[1] FALSE FALSE  TRUE FALSE FALSE FALSE  TRUE


Taking the cumulative sum cumsum(y) produces a vector where each group is represented by a unique factor upon which we can combine with the split function:

[1] 0 0 1 1 1 1 2

• 60 bytes using diffinv rather than cumsum. Nov 20, 2018 at 21:57

Octave, 75 44 bytes

Based on MATL answer of @LuisMendo

@(a)sortrows([cumsum([1;diff(a)>0]),a])(:,2)


Try it Online!

@(a)[fliplr(mat2cell(f=fliplr(a),1,diff(find([1,diff(f)<0,numel(a)])))){:}]


Try it Online!

reverse the array

f=fliplr(a)


take first difference of f

d = diff(f);


find position of where the next element is less than the previous element

p=find([1,diff(f)<0,numel(a)])


first difference of the positions returns length of each sub array

len=diff(p)


use length of each sub array in mat2cell to split the array to nested list of arrays

nest = mat2cell(f,1,len);


reverse the nested list

rev_nest = fliplr(nest)


flatten the nested list

[rev_nest{:}]


R, 41 bytes

ave(x,diffinv(diff(x<-scan())>0),FUN=rev)


Try it online!

Husk, 12 bytes

Completely and utterly outgolfed by Leo while I was typing in my answer...!

ṁ↔CẊ-Θ:W<¹L¹


Try it online!

ṁ              # map this function:
↔             # reverse
# across all the elements of:
C            # cut the input into sublists given by
Ẋ-          # differences between elements of
W<¹     # list of indices of the input that are less than their successor
Θ:   L¹   # prepended with zero and appended with the length of the input

• Let me introduce you to ġroupby :) codegolf.stackexchange.com/a/218911/62393
– Leo
Feb 11, 2021 at 23:01
• @Leo - I pressed 'submit', only to find your answer staring back at me! Feb 11, 2021 at 23:04

Vyxal 3, 6 bytes

ᵃ>ṁƒVf


Try it Online!

a weird quirk of "partition after truthy indices" means it matches lengths so it will never include the last value when getting booleans from comparing the overlapping pairs. By appending the reversed list we can always have a partition such that the last values are kept

K (ngn/k), 17 15 bytes

{,/|'x@=+\>':x}


Try it online!

Chunks the input on indices where the value is greater than the previous value, reversing each chunk and concatenating back into a single array.

• >':x check whether each element is larger than the prior element
• =+\ group the cumulative sum of this; elements in each run of equal or decreasing values get assigned their own index in the resulting dictionary
• x@ index back into the original input to retrieve the original values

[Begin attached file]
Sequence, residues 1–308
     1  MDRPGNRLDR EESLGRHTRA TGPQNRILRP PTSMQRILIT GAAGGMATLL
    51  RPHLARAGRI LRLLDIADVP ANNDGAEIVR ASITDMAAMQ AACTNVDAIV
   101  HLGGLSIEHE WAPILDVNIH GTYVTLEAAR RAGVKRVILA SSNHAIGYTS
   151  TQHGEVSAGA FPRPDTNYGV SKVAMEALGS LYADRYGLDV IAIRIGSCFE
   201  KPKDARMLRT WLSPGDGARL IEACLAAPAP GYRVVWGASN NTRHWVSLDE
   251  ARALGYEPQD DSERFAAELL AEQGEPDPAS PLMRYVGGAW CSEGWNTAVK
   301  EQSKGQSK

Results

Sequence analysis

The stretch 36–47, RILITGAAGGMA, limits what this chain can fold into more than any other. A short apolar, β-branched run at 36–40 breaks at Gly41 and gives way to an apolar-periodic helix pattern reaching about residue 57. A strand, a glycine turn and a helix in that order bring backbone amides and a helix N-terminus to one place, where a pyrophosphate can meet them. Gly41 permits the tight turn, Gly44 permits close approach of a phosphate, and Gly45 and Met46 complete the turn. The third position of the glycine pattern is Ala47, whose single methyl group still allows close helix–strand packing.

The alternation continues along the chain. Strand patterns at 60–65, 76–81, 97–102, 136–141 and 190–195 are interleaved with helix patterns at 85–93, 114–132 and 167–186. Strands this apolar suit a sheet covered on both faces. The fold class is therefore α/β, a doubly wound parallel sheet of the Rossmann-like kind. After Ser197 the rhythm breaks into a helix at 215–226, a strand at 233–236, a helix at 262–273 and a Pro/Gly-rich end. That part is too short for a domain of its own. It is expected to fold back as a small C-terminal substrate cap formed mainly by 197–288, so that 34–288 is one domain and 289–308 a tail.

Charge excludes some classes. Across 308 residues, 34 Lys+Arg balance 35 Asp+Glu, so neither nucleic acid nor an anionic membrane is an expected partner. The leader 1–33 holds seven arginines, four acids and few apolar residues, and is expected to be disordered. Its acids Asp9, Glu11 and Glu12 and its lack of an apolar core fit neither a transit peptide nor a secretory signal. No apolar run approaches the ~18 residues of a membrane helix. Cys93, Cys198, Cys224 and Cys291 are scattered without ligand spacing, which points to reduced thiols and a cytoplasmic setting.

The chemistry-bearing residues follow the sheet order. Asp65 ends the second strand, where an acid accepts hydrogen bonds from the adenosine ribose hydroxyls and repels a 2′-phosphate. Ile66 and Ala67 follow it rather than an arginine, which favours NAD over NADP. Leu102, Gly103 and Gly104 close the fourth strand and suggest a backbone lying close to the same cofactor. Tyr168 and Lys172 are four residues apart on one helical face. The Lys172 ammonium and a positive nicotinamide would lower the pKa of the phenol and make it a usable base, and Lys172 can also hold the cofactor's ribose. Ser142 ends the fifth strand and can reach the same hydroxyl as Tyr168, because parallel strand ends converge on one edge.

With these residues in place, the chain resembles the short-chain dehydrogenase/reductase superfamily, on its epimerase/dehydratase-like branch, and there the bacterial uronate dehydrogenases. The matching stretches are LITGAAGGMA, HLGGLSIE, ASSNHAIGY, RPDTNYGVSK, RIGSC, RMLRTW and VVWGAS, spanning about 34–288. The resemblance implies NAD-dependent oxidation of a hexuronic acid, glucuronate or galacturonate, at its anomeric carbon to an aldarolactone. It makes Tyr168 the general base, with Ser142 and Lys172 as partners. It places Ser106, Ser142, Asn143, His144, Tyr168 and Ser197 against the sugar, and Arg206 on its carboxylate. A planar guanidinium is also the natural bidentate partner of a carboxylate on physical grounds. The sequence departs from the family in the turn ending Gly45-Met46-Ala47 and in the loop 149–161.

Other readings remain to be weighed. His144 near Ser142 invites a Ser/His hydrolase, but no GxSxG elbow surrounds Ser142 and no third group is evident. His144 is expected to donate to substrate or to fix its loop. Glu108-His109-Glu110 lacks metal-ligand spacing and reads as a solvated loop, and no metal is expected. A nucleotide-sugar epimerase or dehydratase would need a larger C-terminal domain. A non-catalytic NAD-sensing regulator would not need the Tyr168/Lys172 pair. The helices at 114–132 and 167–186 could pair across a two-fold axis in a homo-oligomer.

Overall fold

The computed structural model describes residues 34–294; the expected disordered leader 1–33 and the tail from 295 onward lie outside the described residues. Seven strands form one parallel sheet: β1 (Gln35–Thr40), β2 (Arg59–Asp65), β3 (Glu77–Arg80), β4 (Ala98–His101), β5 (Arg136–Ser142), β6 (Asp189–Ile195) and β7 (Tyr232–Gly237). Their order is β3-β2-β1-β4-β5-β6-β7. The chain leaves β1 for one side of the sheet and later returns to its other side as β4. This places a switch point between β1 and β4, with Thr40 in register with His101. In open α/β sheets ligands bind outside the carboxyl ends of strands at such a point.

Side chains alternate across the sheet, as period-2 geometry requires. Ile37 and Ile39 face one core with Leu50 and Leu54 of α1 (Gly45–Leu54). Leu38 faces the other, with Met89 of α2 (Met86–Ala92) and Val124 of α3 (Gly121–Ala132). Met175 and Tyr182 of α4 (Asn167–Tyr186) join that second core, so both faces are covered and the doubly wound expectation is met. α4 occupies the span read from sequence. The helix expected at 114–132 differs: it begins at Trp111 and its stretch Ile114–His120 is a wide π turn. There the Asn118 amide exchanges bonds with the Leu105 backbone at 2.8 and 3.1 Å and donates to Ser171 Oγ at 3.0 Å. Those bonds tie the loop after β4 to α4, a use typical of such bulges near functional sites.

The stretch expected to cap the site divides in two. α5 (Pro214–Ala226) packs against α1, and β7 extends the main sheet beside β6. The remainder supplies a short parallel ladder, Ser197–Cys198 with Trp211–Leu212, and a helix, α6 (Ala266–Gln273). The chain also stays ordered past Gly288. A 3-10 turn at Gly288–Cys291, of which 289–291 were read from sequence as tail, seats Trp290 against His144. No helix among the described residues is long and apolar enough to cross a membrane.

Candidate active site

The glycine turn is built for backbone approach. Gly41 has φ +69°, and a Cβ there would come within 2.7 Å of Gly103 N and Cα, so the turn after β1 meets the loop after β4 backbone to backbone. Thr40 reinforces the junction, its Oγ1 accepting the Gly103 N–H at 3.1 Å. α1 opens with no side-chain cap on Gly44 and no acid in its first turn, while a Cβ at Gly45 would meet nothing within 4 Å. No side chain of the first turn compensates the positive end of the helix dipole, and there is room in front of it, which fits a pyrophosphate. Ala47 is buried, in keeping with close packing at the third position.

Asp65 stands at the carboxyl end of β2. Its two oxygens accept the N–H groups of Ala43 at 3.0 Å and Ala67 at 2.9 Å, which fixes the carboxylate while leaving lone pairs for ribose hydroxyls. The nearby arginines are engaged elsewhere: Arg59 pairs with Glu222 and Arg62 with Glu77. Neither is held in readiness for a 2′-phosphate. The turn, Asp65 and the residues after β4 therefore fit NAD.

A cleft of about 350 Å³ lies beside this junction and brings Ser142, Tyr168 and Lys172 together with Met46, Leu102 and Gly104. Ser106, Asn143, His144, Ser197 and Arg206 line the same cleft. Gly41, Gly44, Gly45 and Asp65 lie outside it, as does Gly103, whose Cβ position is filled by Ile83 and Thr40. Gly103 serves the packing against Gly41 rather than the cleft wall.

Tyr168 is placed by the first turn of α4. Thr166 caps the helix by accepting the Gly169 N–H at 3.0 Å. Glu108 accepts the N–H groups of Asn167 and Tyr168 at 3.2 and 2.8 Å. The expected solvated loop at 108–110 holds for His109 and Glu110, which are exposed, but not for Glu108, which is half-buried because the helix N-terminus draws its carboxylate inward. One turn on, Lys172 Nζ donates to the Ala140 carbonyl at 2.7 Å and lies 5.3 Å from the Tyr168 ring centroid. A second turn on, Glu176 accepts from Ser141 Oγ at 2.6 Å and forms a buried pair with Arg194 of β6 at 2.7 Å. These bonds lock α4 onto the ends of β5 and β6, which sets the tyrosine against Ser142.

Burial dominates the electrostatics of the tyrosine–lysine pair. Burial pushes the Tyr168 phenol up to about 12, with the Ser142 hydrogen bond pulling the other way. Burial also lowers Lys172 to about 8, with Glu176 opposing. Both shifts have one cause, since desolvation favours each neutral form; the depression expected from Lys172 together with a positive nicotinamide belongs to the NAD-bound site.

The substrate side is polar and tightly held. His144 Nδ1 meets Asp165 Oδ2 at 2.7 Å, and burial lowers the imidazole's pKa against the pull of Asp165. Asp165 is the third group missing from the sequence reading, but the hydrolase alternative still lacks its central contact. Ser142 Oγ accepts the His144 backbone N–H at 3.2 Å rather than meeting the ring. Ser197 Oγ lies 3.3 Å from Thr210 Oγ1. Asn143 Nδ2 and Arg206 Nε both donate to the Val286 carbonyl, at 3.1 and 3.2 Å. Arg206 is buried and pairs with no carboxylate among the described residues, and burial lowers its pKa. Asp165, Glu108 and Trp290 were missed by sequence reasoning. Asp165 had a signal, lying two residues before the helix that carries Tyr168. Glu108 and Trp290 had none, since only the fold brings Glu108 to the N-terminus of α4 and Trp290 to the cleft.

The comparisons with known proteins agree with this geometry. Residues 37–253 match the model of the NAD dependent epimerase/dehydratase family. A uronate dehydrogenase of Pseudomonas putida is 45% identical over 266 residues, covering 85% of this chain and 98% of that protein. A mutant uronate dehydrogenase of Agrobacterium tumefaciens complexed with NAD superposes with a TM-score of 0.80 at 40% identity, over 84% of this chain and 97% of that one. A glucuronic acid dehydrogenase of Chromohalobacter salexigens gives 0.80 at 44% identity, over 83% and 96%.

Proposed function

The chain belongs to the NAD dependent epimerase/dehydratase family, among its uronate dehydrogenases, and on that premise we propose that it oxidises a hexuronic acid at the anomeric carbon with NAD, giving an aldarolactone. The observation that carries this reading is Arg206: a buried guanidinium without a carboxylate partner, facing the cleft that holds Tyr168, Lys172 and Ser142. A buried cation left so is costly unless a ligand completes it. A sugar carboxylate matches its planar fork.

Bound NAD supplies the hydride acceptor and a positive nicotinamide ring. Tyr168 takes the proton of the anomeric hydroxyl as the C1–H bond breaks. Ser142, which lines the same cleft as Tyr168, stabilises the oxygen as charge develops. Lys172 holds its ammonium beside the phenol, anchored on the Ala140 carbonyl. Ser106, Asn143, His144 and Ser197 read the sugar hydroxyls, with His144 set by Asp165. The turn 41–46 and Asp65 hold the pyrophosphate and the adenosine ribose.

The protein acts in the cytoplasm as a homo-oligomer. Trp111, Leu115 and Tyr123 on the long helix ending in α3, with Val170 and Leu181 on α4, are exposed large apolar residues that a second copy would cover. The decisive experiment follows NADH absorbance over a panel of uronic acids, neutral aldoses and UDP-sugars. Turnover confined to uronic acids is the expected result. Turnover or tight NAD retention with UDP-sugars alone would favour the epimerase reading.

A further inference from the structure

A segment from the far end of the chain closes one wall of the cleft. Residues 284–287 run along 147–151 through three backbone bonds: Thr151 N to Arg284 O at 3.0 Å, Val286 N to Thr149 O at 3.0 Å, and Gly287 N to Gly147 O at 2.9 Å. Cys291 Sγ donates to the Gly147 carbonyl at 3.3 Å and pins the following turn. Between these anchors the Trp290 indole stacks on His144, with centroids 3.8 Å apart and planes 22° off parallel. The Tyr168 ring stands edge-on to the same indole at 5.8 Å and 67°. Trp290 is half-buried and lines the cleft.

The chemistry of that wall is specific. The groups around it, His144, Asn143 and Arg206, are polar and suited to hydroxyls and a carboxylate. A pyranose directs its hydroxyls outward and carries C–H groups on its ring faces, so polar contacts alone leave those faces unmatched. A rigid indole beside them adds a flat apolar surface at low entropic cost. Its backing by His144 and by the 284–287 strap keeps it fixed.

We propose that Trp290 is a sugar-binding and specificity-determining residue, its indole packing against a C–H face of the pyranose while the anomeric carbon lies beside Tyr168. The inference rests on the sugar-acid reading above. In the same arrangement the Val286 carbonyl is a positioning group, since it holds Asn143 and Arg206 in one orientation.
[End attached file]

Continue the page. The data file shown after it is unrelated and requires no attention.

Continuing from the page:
• |' reverse each chunk
• ,/ flatten the chunks back into a single array

Pyth - 15 bytes

s_McQf<@QtT@QTU


Perl 6, 59 bytes

{map |+«*.[0].reverse,m/:s([(\-?\d+)<?{[>=] $0}>] +)+/[0]}  Regex-based solution. Because this is Sparta Perl!! • m/ /: Stringify the input array, and match a regex against it. • (\-? \d+): Match a number, and capture it as $0.
• <?{ [>=] $0 }>: Zero-width assertion that only matches if all $0 captured so far in the current sub-match are in non-ascending order.
• ([ ] +)+: Repeat the last two steps as often as possible, otherwise start a new sub-match.
• map , [0]: Iterate over the sub-matches.
• |+«*.[0].reverse: For each one, take the list of values matched by $0, reverse it, coerce the values to numbers (+«), and slip them into the outer list (|). Perl 6, 63 bytes sub f(\a){flat$_,f a[+$_..*]with first {[<=]$_},:end,[\R,] a}


Recursive list processing solution.
More laborious than I had hoped.
Even though the language has lots of convenient built-ins, there seem to be none for list partitioning (e.g. like Ruby's slice_when or Haskell's takeWhile).

Stacked, noncompeting, 34 bytes

Still constantly developing this language.

{e.b:e b last<}chunkby$revmap flat  Argument lies on TOS. Try it here! chunkby takes a function and collects arrays of contiguous data that satisfy the function. The function then is: {e.b:e b last<} {e.b: } function with arguments [e, <unused>, b]--the element, <the index>, and the chunk being built e < check if e is less than b last the last element of b  This gives a strictly decreasing array. $revmap is basically [rev]map and reverses each item.

flat finally flattens the array.

Some fun for actually sorting the array:

[{e.b:e b last<}chunkby$revmap flat] @:sortstep [$sortstep periodloop] @:sort

10:> @arr
arr out
arr shuf @arr
arr out
arr sort out


This outputs (for example):

(0 1 2 3 4 5 6 7 8 9)
(4 5 1 0 6 7 2 8 9 3)
(0 1 2 3 4 5 6 7 8 9)


Python, 151 139 Bytes

Saved 12 Bytes thanks to @Flp.Tkc!

Nowhere near @Flp.Tkc, let alone...

def s(l):
r=[];i=j=0
while j<len(l)-1:
if l[j+1]>l[j]:r+=l[i:j+1][::-1],;i=j+1
j+=1
r+=l[i:j+1][::-1],;return[i for s in r for i in s]

• Instead of using append, use += data, the trailing comma implicitly constructs a tuple, which is then concatenated with the list, adding the data as the last element in the list. In this context, do r+=l[i:j+1][::-1], Dec 22, 2016 at 16:22

Python 2, 74 bytes

b=[];c=[];a+=9e9,
for i in a[:-1]:
b=[a.pop(0)]+b
if b[0]<a[0]:c+=b;b=[]


Input in a, output in c

Python 3, 191 Bytes

a=[int(i)for i in input().split()]
while a!=sorted(a):
b=[[]]
for i,j in enumerate(a):
if a[i-1]<j:b+=[[j]]
else:b[-1]+=[j]
a=[]
for l in[k[::-1]for k in b]:a+=[k for k in l]
print(a)


I'm not sure if using the sorted function to check is allowed here, but I couldn't think of a good reason against it, and it brought down my byte count by ~30 Bytes.